What Is the Difference Between a Bypass Vs. Decoupling Capacitor?
Knowing the difference between a bypass vs decoupling capacitor is essential to select an appropriate noise-filtering solution in an electronic circuit. Signal noise can distract from the purpose of the device, like enjoying music on a sound system. Here's a brief look at the functions and differences between these two similar yet different capacitors.
What is a Bypass Capacitor?
A bypass capacitor gets its name from bypassing AC noise in a DC signal. It can filter out noise to the degree of helping facilitate a clean DC signal. The DC signal in a transistor, for example, needs to be as pure as possible without AC ripple. However, power supplies that provide voltage to the circuit aren't always clean, so it's important to use a filtering device such as a bypass capacitor.
What is the Use of a Decoupling Capacitor?
The purpose of a decoupling capacitor is to balance energy levels when variances occur in voltage. So when the voltage unexpectedly drops, the decoupling capacitor provides enough power to stabilize the current running through the circuit. Likewise, when the voltage spikes, the decoupling capacitor absorbs excess energy.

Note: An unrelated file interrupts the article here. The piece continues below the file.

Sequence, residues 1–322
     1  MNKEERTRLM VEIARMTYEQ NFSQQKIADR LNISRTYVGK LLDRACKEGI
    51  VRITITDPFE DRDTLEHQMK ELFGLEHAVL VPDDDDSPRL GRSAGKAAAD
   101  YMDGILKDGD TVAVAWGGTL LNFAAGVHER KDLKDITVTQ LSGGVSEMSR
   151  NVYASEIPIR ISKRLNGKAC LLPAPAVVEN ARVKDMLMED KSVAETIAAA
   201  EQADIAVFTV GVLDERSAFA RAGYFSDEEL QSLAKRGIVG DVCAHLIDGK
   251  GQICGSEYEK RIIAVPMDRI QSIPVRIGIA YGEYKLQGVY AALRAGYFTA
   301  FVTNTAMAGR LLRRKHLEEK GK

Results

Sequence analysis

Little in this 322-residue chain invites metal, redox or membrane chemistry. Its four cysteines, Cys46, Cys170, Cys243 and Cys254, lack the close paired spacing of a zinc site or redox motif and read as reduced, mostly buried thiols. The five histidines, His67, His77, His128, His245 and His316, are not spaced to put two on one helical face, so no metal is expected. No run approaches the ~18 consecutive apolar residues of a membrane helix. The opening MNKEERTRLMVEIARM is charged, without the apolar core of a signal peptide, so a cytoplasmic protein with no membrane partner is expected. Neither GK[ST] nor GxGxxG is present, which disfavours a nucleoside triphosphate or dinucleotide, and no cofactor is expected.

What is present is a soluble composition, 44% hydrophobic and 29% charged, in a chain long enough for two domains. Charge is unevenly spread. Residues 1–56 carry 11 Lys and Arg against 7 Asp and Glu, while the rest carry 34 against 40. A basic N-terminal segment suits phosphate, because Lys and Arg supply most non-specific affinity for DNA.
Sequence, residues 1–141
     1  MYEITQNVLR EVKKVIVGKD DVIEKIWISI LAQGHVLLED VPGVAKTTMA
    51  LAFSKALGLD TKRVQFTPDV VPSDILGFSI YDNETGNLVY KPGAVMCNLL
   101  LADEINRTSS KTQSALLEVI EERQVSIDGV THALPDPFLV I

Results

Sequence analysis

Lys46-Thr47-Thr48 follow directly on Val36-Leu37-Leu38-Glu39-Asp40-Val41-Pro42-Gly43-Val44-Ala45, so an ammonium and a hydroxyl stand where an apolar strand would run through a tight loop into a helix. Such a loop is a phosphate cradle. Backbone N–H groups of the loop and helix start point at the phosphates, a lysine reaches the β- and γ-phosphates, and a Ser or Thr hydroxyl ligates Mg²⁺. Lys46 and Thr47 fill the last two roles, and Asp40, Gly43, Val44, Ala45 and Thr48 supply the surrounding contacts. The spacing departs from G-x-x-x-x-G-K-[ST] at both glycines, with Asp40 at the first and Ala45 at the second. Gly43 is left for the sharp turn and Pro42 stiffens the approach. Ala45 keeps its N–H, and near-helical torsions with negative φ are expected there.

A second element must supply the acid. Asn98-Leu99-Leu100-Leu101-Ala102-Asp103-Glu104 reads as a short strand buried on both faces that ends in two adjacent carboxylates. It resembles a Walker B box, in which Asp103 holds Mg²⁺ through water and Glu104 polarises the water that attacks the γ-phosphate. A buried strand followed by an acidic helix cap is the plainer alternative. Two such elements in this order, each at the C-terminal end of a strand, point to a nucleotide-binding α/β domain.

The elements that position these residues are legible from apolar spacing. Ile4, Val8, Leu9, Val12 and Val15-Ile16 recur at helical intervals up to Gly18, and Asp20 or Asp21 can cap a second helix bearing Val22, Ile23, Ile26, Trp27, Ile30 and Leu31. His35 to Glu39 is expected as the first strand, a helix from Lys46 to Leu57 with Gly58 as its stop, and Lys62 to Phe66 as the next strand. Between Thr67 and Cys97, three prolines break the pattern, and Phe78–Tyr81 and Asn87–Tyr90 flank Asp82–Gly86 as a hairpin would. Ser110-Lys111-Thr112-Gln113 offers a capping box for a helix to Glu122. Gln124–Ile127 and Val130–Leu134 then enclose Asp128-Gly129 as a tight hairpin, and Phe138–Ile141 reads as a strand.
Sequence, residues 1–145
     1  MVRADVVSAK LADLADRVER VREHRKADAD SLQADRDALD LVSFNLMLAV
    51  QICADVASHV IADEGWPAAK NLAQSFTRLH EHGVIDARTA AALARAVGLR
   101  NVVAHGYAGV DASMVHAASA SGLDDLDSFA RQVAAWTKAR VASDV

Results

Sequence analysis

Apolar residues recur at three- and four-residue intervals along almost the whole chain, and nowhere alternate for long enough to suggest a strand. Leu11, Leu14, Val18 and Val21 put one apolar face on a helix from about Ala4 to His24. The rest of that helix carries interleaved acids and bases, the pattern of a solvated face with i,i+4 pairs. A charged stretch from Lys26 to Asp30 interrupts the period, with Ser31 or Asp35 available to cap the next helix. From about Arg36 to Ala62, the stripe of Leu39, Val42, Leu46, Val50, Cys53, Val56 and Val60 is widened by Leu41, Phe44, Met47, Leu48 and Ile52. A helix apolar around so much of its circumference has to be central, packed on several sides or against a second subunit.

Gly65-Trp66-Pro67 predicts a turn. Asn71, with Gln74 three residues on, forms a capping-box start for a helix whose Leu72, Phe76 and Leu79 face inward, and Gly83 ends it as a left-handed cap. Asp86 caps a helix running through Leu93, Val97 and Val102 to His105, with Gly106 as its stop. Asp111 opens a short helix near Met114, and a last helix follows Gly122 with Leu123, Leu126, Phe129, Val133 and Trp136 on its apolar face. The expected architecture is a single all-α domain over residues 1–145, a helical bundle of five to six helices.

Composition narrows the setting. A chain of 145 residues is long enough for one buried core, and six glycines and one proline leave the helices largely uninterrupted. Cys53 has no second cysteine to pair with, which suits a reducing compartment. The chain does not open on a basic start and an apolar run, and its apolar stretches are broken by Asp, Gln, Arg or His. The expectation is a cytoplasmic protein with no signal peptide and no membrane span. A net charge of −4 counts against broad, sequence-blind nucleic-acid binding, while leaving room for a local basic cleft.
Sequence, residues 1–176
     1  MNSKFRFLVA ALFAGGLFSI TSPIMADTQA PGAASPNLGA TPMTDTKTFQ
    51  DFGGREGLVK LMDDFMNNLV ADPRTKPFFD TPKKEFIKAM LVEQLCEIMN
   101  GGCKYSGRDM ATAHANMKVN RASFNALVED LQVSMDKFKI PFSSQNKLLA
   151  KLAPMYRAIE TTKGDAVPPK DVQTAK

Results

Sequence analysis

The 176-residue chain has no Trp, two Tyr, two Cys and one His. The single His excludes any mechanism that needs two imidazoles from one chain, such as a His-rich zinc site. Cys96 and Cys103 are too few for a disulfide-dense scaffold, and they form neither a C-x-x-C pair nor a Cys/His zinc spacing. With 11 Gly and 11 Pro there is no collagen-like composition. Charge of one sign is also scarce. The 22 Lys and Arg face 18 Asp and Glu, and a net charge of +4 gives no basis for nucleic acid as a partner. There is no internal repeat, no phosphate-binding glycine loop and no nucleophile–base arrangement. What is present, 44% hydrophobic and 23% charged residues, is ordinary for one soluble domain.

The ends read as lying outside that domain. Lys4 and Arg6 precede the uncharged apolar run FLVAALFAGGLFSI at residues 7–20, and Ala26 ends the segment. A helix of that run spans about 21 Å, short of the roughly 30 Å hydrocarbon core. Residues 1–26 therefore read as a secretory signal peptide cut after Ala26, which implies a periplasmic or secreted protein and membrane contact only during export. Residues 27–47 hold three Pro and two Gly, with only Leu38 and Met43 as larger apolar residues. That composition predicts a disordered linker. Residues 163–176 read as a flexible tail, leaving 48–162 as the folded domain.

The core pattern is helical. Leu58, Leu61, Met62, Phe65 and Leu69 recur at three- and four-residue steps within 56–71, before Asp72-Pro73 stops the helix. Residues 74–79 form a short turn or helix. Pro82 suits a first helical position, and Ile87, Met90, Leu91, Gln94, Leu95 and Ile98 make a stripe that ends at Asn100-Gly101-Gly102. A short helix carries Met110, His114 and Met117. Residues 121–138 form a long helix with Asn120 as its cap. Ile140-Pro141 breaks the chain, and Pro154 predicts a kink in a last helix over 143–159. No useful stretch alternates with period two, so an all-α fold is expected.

Difference Between the Bypass Capacitor and the Decoupling Capacitor
Some people might think the decoupling vs. bypass capacitor comparison is futile, assuming the terms are synonyms, although they aren't. While a bypass capacitor removes unwanted noise from an electronic system or cables, a decoupling capacitor's job is to create a low-impedance path for the AC signal.
All types of capacitors are reactive devices but vary in resistance levels to signals based on frequencies. Both provide high transient current to an integrated circuit while minimizing power ripples.
Once current passes through the collector and emitter, it can either flow through a resistor or a bypass capacitor. Current moves in the path of least resistance, so the value of the resistance in the bypass capacitor needs to be 1/10th the value or less of the emitter resistor.
When comparing the decoupling vs. bypass capacitor, it's important to note that electronics manufacturers often favor small components. However, larger value capacitors make the DC signal purer while allowing more AC to ground.
Why is Decoupling Necessary?
Decoupling is necessary because it opens up a low-impedance path from the power source to the ground. Without capacitive decoupling, the signal has a longer return path from the ground. A decoupling capacitor provides a shorter return path.
Use this information as a starting point for understanding the differences between bypass vs. decoupling capacitors. Selecting the right capacitor can dramatically impact performance. If you are looking for a capacitor, visit the Allied Components International website today.